Meet the Members of the Pittsburgh Cello Quartet
Bronwyn Banerdt joined the cello section of the Pittsburgh Symphony Orchestra in 2014. She made her solo debut with Los Angeles Philharmonic in 2002 and has since appeared in concert throughout the United States, Europe, Russia, and southern Africa. Notable solo appearances include performances with the Houston Symphony, Albany Symphony, and the world premiere of Poem for Cello & Orchestra by Michael Kamen. At age 15 Banerdt was personally invited by the world-renowned composer John Rutter to perform the solo from his Requiem in Carnegie Hall. Banerdt was awarded Grand Prize at the Los Angeles Philharmonic’s Bronislaw Kaper Awards, and she has also captured top prizes at the Houston Symphony Ima Hogg Competition and Kingsville Music Competition.
Equally passionate about chamber music and orchestral performance, Banerdt has co-founded two uniquely focused chamber music ensembles with other members of the Pittsburgh Symphony. The Clarion Quartet specializes in Entartete Musik — music written by oppressed composers — and seeks to bring light to artists whose legacies would be silenced. The Pittsburgh Cello Quartet offers an eclectic mix from classical to pop and rock in unique arrangements for four cellos. Banerdt has collaborated with renowned artists such as Kim Kashkashian and Mitsuko Uchida, and members of the Emerson, Guarneri, Juilliard, Borodin, and Orion string quartets. She has performed at numerous chamber music festivals including Marlboro Music and Music from Angel Fire. Banerdt serves as Artist Lecturer in Chamber Music at Carnegie Mellon University.
A native of Los Angeles, Banerdt earned her Bachelor’s Degree at age 19 from the USC Thornton School of Music, where she studied with Ronald Leonard. She subsequently studied at The Curtis Institute of Music under the tutelage of David Soyer and received her Master’s Degree from The Juilliard School with Richard Aaron.
Cellist Michael DeBruyn joined the Pittsburgh Symphony Orchestra during the 2013-2014 season. Prior to joining the Pittsburgh Symphony, DeBruyn was principal cellist of the Louisville Orchestra. He holds a Bachelor of Music degree and a Master of Music degree from the Cleveland Institute of Music.
DeBruyn grew up in Nashville, TN, and began studying the cello at the age of four. His former teachers include Dr. Felix Wang, Dr. Tanya Carey, Richard Aaron and Desmond Hoebig. His summer engagements have included the Meadowmount School of Music, the Sarasota Music Festival, the Kneisel Hall Chamber Music Festival and the Aspen Music Festival.
As a chamber musician, DeBruyn has worked closely with members of the Arianna, Pacifica, Cavani and Cleveland Quartets. In 1998, he received an honorable mention in the Fischoff National Chamber Music Competition as a member of the Blakemore Quartet. DeBruyn and his wife, Francesca Tortorello, have been performing together as a professional duo since 2004.
Charlie Powers’ playing has been described by The Washington Post as “poised, elegant, supple of phrasing and mellow of tone.” He joined the Pittsburgh Symphony Orchestra's cello section during the 2013-2014 season. He previously served as Assistant Principal of “The President’s Own” U.S. Marine Chamber Orchestra in Washington, D.C., and performed regularly at the White House, the State Department, the Library of Congress, the Kennedy Center for the Performing Arts, and the Vice President’s residence.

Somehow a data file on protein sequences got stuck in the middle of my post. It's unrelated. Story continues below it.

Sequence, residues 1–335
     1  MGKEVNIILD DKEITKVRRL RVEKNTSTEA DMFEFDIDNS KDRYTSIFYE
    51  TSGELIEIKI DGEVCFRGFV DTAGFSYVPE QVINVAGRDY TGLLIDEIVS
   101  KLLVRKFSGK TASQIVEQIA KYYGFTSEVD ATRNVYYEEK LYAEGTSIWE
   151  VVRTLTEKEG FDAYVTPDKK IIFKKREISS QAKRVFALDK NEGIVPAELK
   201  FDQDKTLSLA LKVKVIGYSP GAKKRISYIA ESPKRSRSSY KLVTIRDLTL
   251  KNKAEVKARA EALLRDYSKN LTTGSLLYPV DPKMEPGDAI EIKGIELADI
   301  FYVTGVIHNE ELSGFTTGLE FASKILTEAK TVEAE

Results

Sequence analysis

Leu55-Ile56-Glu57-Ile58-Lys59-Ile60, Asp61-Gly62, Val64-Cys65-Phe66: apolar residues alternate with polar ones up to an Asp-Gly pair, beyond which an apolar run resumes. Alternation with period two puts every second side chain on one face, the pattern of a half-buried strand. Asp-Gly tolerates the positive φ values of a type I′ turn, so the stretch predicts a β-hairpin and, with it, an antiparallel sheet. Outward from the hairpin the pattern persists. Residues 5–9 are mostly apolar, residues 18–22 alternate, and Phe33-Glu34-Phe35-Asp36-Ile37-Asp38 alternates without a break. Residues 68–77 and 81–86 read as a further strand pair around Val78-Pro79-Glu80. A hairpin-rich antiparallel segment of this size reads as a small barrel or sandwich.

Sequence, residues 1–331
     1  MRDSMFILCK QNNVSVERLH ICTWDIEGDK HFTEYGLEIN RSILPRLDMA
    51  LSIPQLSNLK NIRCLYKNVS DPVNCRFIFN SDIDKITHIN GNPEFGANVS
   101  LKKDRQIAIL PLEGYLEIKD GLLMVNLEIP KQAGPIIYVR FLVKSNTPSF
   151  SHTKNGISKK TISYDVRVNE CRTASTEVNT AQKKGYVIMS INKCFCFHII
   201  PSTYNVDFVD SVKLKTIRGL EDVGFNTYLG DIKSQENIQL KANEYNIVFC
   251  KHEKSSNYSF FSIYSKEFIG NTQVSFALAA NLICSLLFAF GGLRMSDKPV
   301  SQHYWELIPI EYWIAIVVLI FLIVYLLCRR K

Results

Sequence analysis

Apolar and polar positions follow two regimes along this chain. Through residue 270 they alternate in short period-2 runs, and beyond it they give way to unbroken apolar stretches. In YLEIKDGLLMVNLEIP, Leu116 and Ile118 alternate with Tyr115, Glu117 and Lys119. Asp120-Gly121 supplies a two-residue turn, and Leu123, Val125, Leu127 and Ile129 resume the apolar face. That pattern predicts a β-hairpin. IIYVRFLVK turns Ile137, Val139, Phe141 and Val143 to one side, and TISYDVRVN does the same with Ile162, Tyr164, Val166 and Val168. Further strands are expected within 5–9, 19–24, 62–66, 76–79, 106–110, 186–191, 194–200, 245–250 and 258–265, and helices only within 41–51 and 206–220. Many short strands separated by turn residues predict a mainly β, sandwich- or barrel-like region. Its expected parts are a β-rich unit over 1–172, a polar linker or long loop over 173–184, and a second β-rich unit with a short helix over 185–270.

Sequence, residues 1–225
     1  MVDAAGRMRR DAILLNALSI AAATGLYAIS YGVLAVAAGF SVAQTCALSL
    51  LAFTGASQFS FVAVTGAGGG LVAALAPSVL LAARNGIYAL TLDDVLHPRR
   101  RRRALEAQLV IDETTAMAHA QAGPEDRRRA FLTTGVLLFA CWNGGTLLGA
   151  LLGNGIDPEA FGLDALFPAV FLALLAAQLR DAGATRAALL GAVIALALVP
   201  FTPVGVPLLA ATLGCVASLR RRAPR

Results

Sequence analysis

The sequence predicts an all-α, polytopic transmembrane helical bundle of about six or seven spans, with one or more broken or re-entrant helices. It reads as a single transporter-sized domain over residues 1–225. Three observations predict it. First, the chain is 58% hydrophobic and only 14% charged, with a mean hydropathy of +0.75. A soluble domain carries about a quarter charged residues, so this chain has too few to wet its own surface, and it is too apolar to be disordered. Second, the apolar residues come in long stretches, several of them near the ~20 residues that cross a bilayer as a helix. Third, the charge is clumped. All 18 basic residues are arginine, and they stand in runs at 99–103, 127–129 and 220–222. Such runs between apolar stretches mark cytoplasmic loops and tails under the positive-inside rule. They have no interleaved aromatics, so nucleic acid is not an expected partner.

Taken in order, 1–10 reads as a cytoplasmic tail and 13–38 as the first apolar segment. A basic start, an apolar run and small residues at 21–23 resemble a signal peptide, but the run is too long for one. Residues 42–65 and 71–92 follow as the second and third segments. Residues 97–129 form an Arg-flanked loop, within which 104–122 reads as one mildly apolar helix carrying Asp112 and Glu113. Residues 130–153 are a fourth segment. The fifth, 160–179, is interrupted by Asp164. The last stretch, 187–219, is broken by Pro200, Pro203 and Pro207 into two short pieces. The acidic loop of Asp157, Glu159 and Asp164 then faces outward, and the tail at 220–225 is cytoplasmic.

Since making his solo debut at age 17, Powers has appeared with orchestras throughout the United States and abroad. Notable performances include Samuel Barber’s Cello Concerto with the U.S. Marine Chamber Orchestra and Brahms’ Double Concerto with the Kaohsiung City Symphony Orchestra in Taiwan. A proponent of new music, Powers has recently performed works for cello and orchestra by Aulis Sallinen and Jennifer Higdon.
Powers is a founding member of two critically acclaimed chamber ensembles, the Teiber String Trio and The Phillips Camerata, as well as the recently formed Pittsburgh Cello Quartet. He has collaborated with such renowned artists as Yo-Yo Ma, Ricardo Morales and Peter Wiley. He received the Karl Zeise Memorial Cello Award at Tanglewood, where he served as principal cellist of the Tanglewood Music Center orchestra under James Levine. Other festival appearances include Banff, Heifetz, Aria, Icicle Creek and the 2000 World Cello Congress.
A native of Tacoma, Washington, Powers began his cello studies at age three with Jeannette Chapman. He graduated with honors from the New England Conservatory of Music, where he was a Piatigorsky Scholarship recipient and studied with Colin Carr. Other influential teachers include John Michel, Richard Aaron, David Wells and Michael Mermagen.
Alexandra Thompson joined the Pittsburgh Symphony during the 2014-2015 season. After graduating in 2011 from the Cleveland Institute of Music, where she studied with Stephen Geber, she began a three-year fellowship with the New World Symphony in Miami Beach, Florida. Fellowship highlights include a chamber performance with the Miró Quartet and cello quartet performance led by Vienna Philharmonic principal cellist, Tamás Varga. Thompson spent her summers at the Tanglewood Music Center, Spoleto Festival USA, National Repertory Orchestra, International Festival-Institute at Roundtop, Credo Chamber Music and Interlochen Arts Camp.
A native of Pittsburgh, she was involved in chamber groups and orchestras of the following local organizations: Pittsburgh Youth Symphony Orchestra, Three Rivers Young Peoples Orchestras, Pittsburgh Symphony EQT Student Side-by-Side, Pennsylvania Music Educators Association and City Music Center. She was a winner of the Duquesne Young Artist and Pittsburgh Concert Society Young Artist Competitions.